Seekingalpha.com
0
All posts from Seekingalpha.com
Seekingalpha.com in Seekingalpha.com,

Chimera Investment Corp.: A Game Changer

Summary

  • The Q2 earnings are out, and they were weak, but this was not overly unexpected.
  • I continue to like the stock at current levels, as the dividend has been covered once again.
  • A new move to shift the management structure and institute a buyback could make waves.

Chimera Investment Corporation (NYSE:CIM) has performed well in the last two years, after having a dismal performance from the Great Recession to 2011, which saw its dividend cut in half, along with its share price. It also recently underwent a reverse split to attract new investment. Well, CIM has just reported its second-quarter earnings, and they have shown that the company was not immune to the pain that was Q2 for mREITs. Many of them, as you are likely aware, succumbed to what was a very tough operating environment for mREITs, as interest rates were extremely volatile. That said, you may recall that I have predicted on numerous occasions that those companies that were the most diversified would likely be the most stable going forward. Further, you know that most of my best-of-breed list in the mREIT sector are almost all heavily diversified and held up fairly well, but did take hits in Q2. Chimera is not on this list, but is a bit diversified, investing in residential mortgage-backed securities, residential mortgage loans and commercial mortgage loans.

This diversification has led Chimera to have an industry-leading net interest rate spread and generally stable book value. These are the reasons I got behind this stock. But the share price continues to fall. I was pleased with the dividend not only being maintained but raised recently, and felt it would continue to be covered, given the company's earnings and cash flows. But just how did Chimera perform in this quarter?

Well, the company missed on revenues and earnings. First, Chimera once again increased its income quarter over quarter. Net income came in at $116 million, up from the $67 million in the fourth quarter. However, this is a GAAP measure, and so, we want to understand if the dividend was covered. Core earnings provide a much better indication of coverage. The company's core earnings for the quarter came in at $0.53 per share, down $0.06 from the $0.59 earned in Q1. Further, they missed estimates by $0.07. It hurts, but isn't exactly a shock, because most competitors saw their core earnings decline quarter over quarter. What is most important to note is that these earnings easily covered the quarterly dividend, as Chimera paid a common stock dividend of $0.48 per share for the quarter. The annualized dividend yield on stock is 14%.

What about the all-important book value? Well, this was an area where the company did take a bit of a hit. GAAP book value was $16.73 per share, down 2.5% from the $17.14 per share in Q1, and down significantly from the December 31, 2014 book value of $17.55. Despite it being a book value loss, it was not severe, and the book value is at the equivalent it was a year ago. But it was a loss nonetheless.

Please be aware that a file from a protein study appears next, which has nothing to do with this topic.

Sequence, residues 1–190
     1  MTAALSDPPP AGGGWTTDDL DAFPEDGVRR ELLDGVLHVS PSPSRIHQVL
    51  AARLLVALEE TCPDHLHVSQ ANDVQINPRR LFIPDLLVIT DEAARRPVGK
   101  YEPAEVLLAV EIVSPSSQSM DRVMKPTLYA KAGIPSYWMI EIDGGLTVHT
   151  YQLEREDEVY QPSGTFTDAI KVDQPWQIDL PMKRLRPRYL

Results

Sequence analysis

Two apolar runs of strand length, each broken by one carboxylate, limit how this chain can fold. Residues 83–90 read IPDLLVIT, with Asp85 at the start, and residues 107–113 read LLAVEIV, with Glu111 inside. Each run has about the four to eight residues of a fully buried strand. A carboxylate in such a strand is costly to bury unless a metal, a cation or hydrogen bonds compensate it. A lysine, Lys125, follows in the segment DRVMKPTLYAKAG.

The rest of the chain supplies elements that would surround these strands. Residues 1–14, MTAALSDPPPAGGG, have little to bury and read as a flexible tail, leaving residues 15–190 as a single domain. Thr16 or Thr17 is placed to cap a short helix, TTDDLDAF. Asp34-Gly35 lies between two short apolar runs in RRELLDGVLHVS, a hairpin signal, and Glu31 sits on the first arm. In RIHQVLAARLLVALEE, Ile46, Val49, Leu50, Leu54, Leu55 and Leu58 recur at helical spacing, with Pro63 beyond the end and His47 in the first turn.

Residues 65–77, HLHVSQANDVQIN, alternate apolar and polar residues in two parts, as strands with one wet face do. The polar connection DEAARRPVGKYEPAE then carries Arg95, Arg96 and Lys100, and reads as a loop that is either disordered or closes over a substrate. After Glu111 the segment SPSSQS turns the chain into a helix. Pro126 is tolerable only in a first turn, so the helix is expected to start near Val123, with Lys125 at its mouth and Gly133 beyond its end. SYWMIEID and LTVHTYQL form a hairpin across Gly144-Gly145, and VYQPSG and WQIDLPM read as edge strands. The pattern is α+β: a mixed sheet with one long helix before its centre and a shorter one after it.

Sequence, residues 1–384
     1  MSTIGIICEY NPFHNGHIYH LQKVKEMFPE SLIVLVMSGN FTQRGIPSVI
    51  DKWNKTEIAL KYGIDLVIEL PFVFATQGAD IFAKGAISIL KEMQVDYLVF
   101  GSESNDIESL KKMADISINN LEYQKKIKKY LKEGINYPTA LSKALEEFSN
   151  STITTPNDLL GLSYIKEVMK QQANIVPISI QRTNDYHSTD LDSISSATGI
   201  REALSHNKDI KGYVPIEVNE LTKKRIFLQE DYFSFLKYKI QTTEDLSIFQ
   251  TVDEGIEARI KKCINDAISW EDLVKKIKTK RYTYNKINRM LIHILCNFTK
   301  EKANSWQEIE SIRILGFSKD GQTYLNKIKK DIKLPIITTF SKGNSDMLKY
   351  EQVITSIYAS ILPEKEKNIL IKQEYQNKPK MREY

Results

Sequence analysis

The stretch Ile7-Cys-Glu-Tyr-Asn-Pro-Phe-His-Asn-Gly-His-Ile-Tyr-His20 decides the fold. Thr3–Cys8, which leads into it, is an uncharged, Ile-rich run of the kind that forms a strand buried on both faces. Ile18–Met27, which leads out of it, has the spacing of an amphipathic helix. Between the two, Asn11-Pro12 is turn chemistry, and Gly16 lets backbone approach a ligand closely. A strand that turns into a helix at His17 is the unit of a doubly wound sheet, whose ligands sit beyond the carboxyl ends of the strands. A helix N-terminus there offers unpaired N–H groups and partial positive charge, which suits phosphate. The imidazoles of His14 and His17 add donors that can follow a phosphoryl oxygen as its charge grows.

Now, as I alluded to above, Chimera is a leader in the sector for its net interest rate spread. Well, the net interest spread dipped again in Q2 2015, following a trend in the sector. On average, in 2014, the spread was 4.4%, and in this quarter, it came in at 3.6%. This is down from 4% a quarter ago. Further, it is down from 4.9% a year ago. Much of this has to do with the trending downward pressure on the yield the company earns, somewhat driven by prepayments in the sector, as well as the up and down volatility in rates experienced in the quarter. Despite the pressure, Chimera remains an industry leader in its spread.

Thus, the results were so-so, but the key is that the dividend is more than secure. But there is even bigger news out of this quarter, aside from the movement in fundamentals. The company has agreed, in conjunction with Annaly (NYSE:NLY), effective today, to internalize its management function. The independent directors on Chimera's Board agreed to the internalization with Annaly to "accelerate growth and realize cost efficiencies." As a shareholder, you care because the internalization should help maintain continuity of the leadership team, while lowering its cost base and having a simplified structure, as well as a more focused strategy. No termination fee was paid by Chimera in connection with internalization with Annaly to its external manager, Fixed Income Discount Advisory Company. As part of the agreement, Chimera will purchase Annaly's 4.4% stake in Chimera, for a purchase price of $126.4 million ($14.05 per share), as part of a new $250 million share repurchase program authorized by the Chimera Board. Purchases made pursuant to the program will be made either in the open market or in privately negotiated transactions.

So what is the take-home here? It was a weak quarter, but I stand behind Chimera. The stock trades at a significant discount to book. The new internalization should be positive for shareholders, but that remains to be seen. The company authorized a buyback, which, at this discount-to-book, I like. The dividend has been covered, and although the key metrics dipped again, I suspect that Q3 will look better. Thus far, interest rates have not moved with severe volatility. The buyback should help keep the price somewhat supported, in addition to the now 14% yield.


More